A Great Deal on the Horizon...
April 1, 2015: April is kind of a month of anticipation around EYC. Some folks are still getting boats ready for the season. Regattas are about to start and Race Committee is busy giving refresher courses on managing a race and other helpful courses. There is Easter with its wonderful Brunch and Easter Egg hunt for the kids, but April is kind of a quiet month.
This relative quiet affords me the opportunity to discuss longer-range stuff. In fact, let's start with the results of the Long-Range Planning Committee survey. Ed Michels will have a report in this issue of the VFB that I encourage you to read. Remember, this was the result of extensive interviews done back in 2012 while we were in the trailers. Some of the goals or aspirations expressed in it raise questions in my mind as to how we achieve them in our current composition as a Club.
If I think of Eastport Yacht Club as having a business model I would compare it with two other Clubs and what their "model" represents.
- On one end of the spectrum would be our neighbors at Severn Sailing Association (SSA). This is a facility with minimal overhead but excellent sailing facilities. Their membership is composed mostly of dedicated sailors with racing being their main focus. They have limited amenities, no bar and a limited snack bar. But it works for them. Their limited scope and mission makes them attractive to the dedicated small sailboat racer.
- On the other end of the spectrum is the Annapolis Yacht Club (AYC). They have over two thousand voting members and offer everything from racing facilities, a competitive Junior Sailing program, large marina facilities, and extensive amenities in a well-appointed Clubhouse with a large management staff. They cover nearly all aspects of what can be expected from an established Yacht Club. Their initiation fees are higher than ours but their annual dues cost to members is nearly the same as ours. They are able to do this because costs are spread across many more members.
- EYC occupies what I would characterize as the "middle ground" as a Yacht Club business model. We offer racing facilities and opportunities, but our Yacht Yard is not as well equipped for racers as SSA or AYC. We have very nice Club amenities in terms of bar, restaurant and management capabilities but we are about at our limit as to what amenities we can offer. At a cap of 600 members, the balance sheet really can't pay for anything else.
It's kind of a nice place to be. It's what I used to refer to as the "Goldilocks Club". Not too hard (SSA), not too soft (AYC), "just right". True, we're bigger than the 200-person Club that moved into the first Clubhouse back in 1990 and we have allowed our membership to creep up to a Voting Member cap of 600, but in the scheme of things we are a relatively small Club. Judging by the results of the Long-Term Plan, this is the way most members like it. It is nice but... is it sustainable?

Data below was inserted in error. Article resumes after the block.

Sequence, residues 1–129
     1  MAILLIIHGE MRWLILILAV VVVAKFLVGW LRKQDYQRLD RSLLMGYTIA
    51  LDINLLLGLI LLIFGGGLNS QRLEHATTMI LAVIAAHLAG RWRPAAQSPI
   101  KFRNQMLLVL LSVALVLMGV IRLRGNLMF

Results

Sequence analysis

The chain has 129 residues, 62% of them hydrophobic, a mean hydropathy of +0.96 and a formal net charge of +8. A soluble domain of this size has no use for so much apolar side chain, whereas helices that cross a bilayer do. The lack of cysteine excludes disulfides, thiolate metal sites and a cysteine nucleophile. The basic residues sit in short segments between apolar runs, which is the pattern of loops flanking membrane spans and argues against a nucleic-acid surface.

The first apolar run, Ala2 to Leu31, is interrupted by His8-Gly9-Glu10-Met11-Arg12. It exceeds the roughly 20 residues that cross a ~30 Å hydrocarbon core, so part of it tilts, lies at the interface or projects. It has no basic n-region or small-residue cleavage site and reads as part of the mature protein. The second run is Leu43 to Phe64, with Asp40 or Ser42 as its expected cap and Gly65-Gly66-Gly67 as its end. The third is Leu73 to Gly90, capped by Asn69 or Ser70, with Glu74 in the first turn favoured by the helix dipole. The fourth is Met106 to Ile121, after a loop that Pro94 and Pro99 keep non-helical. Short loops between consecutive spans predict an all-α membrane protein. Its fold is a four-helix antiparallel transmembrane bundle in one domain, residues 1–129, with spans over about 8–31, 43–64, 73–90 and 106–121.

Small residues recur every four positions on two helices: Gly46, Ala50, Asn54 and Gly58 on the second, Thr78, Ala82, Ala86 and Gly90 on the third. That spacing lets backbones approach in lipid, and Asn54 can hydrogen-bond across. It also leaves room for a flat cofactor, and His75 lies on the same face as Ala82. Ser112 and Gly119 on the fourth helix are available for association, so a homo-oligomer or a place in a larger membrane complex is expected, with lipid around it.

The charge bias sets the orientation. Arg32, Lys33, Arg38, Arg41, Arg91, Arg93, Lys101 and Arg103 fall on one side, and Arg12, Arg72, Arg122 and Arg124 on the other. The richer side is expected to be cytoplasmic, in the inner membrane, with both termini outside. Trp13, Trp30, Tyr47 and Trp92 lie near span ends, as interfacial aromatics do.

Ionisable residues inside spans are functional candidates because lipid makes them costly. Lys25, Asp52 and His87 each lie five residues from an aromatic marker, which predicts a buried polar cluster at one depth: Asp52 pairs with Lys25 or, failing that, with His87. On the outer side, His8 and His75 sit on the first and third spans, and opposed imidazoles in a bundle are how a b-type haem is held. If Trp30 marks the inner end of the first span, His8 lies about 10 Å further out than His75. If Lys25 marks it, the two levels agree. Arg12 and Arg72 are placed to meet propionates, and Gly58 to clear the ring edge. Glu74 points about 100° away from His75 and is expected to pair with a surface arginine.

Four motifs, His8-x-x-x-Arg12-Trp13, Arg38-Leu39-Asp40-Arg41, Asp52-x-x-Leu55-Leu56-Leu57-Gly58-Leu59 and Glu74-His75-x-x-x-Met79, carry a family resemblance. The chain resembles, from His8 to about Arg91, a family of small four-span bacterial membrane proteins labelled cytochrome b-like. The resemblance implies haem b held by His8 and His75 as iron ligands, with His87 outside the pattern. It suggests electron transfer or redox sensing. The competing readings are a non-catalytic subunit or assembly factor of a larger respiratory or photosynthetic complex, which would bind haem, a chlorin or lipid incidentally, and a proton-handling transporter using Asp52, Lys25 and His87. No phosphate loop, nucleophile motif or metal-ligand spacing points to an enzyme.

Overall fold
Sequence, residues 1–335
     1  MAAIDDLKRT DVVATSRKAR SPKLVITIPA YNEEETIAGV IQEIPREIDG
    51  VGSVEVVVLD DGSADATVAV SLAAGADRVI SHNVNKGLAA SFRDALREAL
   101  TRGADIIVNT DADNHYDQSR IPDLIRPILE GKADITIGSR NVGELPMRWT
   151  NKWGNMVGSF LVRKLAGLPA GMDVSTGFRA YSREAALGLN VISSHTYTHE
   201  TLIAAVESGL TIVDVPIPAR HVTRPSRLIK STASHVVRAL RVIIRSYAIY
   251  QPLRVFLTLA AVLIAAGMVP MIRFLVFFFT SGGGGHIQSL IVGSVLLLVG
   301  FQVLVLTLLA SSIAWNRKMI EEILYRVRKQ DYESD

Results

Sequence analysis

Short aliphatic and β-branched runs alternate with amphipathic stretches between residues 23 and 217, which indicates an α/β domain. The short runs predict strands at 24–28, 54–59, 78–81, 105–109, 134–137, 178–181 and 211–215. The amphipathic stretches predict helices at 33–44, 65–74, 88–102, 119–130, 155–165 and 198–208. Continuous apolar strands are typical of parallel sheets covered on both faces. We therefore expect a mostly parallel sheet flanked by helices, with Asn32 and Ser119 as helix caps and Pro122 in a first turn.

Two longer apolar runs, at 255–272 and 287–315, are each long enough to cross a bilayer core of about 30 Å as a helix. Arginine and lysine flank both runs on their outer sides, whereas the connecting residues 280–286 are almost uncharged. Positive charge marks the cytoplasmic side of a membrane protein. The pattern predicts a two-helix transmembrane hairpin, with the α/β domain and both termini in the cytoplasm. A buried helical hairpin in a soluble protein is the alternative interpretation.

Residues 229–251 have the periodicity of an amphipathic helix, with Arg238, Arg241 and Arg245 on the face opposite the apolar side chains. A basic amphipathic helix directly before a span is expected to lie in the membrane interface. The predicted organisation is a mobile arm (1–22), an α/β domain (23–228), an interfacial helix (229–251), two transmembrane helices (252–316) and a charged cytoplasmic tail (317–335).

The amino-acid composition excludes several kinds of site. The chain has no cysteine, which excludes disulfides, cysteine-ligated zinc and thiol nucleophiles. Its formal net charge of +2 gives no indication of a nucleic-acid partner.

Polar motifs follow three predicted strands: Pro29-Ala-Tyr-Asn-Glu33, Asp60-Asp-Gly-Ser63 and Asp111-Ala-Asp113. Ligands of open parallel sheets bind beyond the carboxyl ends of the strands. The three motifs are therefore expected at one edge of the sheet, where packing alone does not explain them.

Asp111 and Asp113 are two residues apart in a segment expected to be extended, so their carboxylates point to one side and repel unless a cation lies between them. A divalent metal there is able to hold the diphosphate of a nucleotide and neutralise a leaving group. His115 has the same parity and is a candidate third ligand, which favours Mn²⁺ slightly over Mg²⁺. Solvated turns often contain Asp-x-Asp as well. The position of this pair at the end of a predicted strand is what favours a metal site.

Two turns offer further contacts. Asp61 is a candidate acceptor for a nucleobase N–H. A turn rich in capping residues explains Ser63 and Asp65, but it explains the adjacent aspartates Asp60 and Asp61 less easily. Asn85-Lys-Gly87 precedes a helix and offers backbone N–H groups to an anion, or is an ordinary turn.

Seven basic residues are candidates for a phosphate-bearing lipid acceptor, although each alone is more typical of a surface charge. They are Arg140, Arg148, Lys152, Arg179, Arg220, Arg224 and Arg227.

The reason I ask is that we are trying to recruit younger families with children or about to have children to re-invigorate our Club. If this were 1980, we would not need to do anything to make ourselves attractive to this demographic. But it is 2015 and what this group expects has changed with the times.
To be competitive, we need to increase boat access for those without boats. We probably need facilities for a dedicated Junior Sailing facility. And, dare I say it; we probably need some kind of swimming facility in the future.
Why do I say we may need these things? Well, some of it is what members suggested in the Long-Range Plan. Some of it is what you hear at associations of Club managers and in magazines that cater to our kind of Club. We have to grapple with the fact that, for the first time in our existence, we are probably competing with for at least some of the same kind of members that AYC is trying to attain – young families.
That is all fine, but how do we afford any of this? We are working to pay down our debt and fund contingent reserve accounts. This will continue. We squeeze as much income as we can from food and beverage while keeping the Club a value for our members. We try and balance banquet income (weddings, etc.) with keeping the Club open for us, the members.
No, the only way I can see we can ever afford an expansion of what we offer is to increase our member cap. There, I said it. You may begin throwing stones.